I have a long, thin neck and narrow shoulders and just thought it would look better on me. I also just like that softer collar look with the boucle  fabric. I think I am going to veer from the pattern with the collar installation and not sew the faced unit in as one piece. Instead I will leave the facing free and treat the edges differently, probably a Hong Kong seam. We'll see. 

The sleeves on this pattern are raglan and darted at the shoulder. They are way too long for me and really the only adjustment I needed to do size wise, that is, other than my "always" petiting of the pattern. I had to make sure I "petited" the whole neck unit as I did the bodice so it would all match up. Almost forgot! 

I am using a size 3 zip metallic nylon coil zip, love those, in rose gold for the neck unit which I got on Etsy. I thought the size 5 zip would be too chunky and might interfere witht he slouchyness of the collar. Above is a size three zip but most jacket zips are five. 

I made one pocket on the muslin but will have two as the pattern specs. They will be scaled down a tad for "petite-ness" as I always do. 

I am a down and dirty half hour muslin maker, but not on this one. I wanted to work out every detail, not just the size so made the design up pretty much exactly as spec'd. It was a great lesson and now I am confident and ready to go on the "good stuff".  I can't remember when I've made a muslin all detailed out like this one but it was the right thing for this project. Usually my muslin making simply involves checking fit issues but I wanted to make sure fit, scale and skills were all in order before putting shears to boucle. Stay tuned...........Bunny

11 comments:

  1. I am watching your progress on this project with close attention. I, too, liked Vogue 1642 the moment I saw it because this sort of relaxed style of garment in an interesting fabric would work well in my life. But I also thought the boxy shape and large collar could overwhelm my narrow shoulders. Close attention to the scale of the whole thing on the body might make it work for me, too, if I can find the patience to test the pattern as carefully as you have. Also, I had a giggle at your description of the fabric as giving off a "commercial carpet vibe." I know exactly what you mean. ;-)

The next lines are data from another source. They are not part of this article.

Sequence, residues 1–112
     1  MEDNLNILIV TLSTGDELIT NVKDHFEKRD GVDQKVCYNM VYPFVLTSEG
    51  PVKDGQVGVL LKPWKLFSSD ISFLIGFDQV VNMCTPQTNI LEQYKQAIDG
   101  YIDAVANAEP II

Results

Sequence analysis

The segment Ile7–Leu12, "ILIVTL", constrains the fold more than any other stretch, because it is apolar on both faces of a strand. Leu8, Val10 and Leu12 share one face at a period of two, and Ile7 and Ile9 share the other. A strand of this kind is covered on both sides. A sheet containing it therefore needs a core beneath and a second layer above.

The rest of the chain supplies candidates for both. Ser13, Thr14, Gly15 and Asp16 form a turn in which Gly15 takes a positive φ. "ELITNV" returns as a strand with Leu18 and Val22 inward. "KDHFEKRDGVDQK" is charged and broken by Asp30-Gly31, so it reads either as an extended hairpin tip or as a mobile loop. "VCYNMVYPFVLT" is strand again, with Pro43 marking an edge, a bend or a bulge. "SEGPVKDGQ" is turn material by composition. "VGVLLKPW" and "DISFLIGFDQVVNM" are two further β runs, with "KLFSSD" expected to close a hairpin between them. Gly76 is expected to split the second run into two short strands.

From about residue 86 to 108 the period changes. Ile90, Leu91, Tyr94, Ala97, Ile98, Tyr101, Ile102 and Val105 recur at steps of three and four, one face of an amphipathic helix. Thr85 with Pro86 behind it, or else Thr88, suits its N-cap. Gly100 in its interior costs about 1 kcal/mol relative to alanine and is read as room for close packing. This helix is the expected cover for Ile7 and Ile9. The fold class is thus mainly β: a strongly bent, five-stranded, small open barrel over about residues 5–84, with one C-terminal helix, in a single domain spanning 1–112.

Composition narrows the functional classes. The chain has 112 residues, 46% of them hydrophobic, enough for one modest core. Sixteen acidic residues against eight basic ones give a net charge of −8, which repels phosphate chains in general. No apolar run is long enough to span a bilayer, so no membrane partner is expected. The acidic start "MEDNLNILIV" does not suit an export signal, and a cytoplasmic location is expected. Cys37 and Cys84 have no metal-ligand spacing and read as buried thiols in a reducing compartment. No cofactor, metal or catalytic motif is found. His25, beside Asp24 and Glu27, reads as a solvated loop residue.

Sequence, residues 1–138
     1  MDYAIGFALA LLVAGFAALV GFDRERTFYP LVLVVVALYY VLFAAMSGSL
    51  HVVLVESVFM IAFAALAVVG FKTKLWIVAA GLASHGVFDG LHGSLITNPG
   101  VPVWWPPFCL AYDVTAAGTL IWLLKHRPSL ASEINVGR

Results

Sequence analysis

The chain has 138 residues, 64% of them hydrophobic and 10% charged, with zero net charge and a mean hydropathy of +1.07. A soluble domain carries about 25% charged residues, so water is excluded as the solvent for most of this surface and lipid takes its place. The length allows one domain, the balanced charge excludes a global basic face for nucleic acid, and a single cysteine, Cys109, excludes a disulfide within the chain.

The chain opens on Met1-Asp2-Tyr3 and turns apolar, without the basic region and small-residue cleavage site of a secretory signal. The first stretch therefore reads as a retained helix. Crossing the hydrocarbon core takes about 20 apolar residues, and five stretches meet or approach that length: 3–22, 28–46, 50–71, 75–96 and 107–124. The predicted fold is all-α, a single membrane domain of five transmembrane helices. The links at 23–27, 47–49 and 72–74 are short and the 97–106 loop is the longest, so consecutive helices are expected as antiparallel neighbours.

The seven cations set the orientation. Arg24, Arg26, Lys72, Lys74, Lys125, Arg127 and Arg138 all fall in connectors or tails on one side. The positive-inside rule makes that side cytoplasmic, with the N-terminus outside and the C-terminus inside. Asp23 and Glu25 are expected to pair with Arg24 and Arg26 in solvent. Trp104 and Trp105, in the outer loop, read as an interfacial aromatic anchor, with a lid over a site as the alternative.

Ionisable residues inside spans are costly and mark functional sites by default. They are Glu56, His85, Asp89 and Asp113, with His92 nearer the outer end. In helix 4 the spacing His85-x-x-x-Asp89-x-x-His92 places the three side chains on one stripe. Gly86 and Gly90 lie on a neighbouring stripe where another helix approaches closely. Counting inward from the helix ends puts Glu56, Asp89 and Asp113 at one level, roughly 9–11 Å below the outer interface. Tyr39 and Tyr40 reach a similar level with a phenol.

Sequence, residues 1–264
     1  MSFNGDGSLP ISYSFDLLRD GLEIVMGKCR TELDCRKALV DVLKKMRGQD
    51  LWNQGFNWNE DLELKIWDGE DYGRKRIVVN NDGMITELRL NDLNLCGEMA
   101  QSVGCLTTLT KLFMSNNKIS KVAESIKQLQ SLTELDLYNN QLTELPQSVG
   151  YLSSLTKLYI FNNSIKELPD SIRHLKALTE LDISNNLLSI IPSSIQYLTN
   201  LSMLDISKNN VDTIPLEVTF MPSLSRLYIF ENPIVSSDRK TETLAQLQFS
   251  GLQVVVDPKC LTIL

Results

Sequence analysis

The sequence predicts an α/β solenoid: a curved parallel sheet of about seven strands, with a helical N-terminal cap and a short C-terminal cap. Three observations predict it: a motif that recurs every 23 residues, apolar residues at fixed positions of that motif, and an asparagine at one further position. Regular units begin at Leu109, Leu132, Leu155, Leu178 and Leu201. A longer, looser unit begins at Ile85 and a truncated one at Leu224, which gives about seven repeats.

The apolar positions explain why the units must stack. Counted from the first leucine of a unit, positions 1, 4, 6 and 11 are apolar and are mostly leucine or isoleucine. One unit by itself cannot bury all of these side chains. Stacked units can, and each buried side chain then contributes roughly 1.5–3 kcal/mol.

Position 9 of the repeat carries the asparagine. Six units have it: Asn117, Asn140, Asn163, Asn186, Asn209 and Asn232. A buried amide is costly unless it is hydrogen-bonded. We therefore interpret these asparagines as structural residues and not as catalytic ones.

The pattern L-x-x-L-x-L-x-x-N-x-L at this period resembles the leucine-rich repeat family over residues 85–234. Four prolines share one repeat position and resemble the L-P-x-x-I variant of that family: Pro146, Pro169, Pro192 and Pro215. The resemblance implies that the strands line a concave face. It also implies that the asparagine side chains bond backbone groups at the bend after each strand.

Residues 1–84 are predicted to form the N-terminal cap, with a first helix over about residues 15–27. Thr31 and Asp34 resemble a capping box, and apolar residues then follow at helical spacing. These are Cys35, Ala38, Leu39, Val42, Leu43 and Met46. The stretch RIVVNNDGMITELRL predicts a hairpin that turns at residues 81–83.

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    1. I sold a lot of carpet in my day so that look is ingrained. You made me smile, thanks.

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  2. I'm watching this one as well. I made this top back in September. I love the design of the pattern but the oversized neckline and collar overwhelmed my petite frame. I have to wear it with a turtleneck sweater or t-shirt underneath otherwise I'll be flashing more than I ever want to. Your fabric is beautiful, can't wait to see how it turns out.

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    1. I hope slouchifying the collar works to soften it up. I could always cut it short and make it more of a portrait effect but really didn't want that look.

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  3. Bunny, I'm so glad you make muslins and show your readers their value. I, too, make my muslins quick and dirty but here you detail that a little more careful sewing has merit. I always enjoy your informative posts and love seeing your beautiful finished garments. Karen

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  4. I am always looking for casual but interesting pieces in beautiful fabrics too and while this one is not for me, it really is a wonderful top. It will look gorgeous in your fabric, and on you.

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  5. I loved this pattern, too, and am eager to follow your process making it.